‘Tis the season when moms worry more than the examinees. Three times a year that the English language proficiency test (Eiken) is administered — June, October & January. For years our school boasts of 100% passing rate!
The first one who failed took Level 4 right after he passed Level 5. He’s just Grade 1 pupil with bi-racial parents and English is not spoken at all in their house. His overconfidence took his review lessons aside. We are more than sorry for his fate and not a good record for our school, too.
As we strike the balance in what our school can uniquely offer compared to many competing “eikaiwa” (language cram schools) and “juken” (test preparation schools), we are pressured by moms’ expectation for their kids to pass “eiken.” Our schoolteachers are working hard for the students to pass the language tests and we even arrange an English-speaking teacher-staff to administer simulation tests and explain the questions and answers.
Tonight’s dilemma with our young student who will be taking “eiken” on Sunday, January 27, caused a bit of a stir with her very anxious mom. Despite our explanation, her worry led her English-speaking sister living abroad to call us and explain the situation. Real drama and our special follow-up meeting will be held a day before the exam. Hope things will go well as if passing “eiken” is life and death matter here.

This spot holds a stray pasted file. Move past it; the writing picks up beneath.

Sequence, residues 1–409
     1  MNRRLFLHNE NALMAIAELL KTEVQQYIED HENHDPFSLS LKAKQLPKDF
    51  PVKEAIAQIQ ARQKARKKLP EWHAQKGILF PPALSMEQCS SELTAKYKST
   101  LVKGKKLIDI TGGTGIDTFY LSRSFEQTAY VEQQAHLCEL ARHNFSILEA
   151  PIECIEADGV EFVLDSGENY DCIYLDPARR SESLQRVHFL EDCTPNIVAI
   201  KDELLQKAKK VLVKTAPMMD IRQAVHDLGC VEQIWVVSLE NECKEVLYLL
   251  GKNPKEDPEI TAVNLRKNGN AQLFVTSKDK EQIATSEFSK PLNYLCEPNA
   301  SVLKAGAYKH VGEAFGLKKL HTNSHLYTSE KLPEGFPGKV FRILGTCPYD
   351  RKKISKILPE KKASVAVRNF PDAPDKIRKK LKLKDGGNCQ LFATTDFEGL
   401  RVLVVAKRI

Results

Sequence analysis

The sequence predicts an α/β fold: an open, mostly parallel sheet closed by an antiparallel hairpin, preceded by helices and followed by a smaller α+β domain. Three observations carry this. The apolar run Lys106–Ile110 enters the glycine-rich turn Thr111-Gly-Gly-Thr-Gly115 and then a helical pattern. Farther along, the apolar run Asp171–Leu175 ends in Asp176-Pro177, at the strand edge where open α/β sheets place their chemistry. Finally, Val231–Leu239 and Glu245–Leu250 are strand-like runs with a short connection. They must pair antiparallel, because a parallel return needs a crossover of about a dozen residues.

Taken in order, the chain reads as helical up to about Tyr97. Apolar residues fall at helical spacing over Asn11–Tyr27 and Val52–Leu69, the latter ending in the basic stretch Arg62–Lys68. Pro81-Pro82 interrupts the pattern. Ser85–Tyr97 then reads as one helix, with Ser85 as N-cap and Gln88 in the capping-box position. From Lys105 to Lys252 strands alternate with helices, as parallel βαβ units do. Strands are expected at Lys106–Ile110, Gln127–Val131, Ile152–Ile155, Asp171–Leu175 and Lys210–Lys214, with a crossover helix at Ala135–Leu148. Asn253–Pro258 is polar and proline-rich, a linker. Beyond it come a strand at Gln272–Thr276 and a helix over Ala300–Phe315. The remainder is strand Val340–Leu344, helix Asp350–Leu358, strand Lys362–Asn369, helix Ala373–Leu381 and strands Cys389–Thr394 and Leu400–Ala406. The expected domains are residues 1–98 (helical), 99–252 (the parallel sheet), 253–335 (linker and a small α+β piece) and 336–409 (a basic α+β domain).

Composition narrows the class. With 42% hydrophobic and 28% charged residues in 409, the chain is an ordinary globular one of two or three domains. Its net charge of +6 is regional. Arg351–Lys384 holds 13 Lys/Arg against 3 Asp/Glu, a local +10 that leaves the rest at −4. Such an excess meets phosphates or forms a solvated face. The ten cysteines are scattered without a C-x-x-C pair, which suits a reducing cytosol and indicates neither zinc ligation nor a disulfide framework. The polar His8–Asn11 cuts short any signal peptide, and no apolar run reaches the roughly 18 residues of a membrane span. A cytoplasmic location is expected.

As I sought advice from a Meiji University professor of Japanese on how to pass Japanese Language Proficiency Test (JLPT), she told me to keep taking simulation tests and so I applied to our students taking “eiken.”
Japan’s university entrance exam will be overhauled in 2 years time. English speaking test will be included….My adult students just laughed the idea that they commented, “No one in our generation can enter university if we had an English speaking test then.”
Last weekend, the senior high school students took the national university entrance exam. The students in lower years had also their long tests. It seems like education is a “factory” creating uniform minds and the paper test is the quality control. Failure means “rejects.” Interestingly, we rejoice, compliment and reward those who pass so we help institutionalize the system. Two of our students at Olives Language School, first year at junior high school and senior high school, told me that they got the highest, almost perfect, score in their English tests and so they’re number 1 in their English class. Of course, I’m very happy with the report and good credential of our school.
When can the parents of the students realize that critical thinking with clear expression in both Japanese and English is more important than preparing and passing “eiken” as they dictate on cram schools?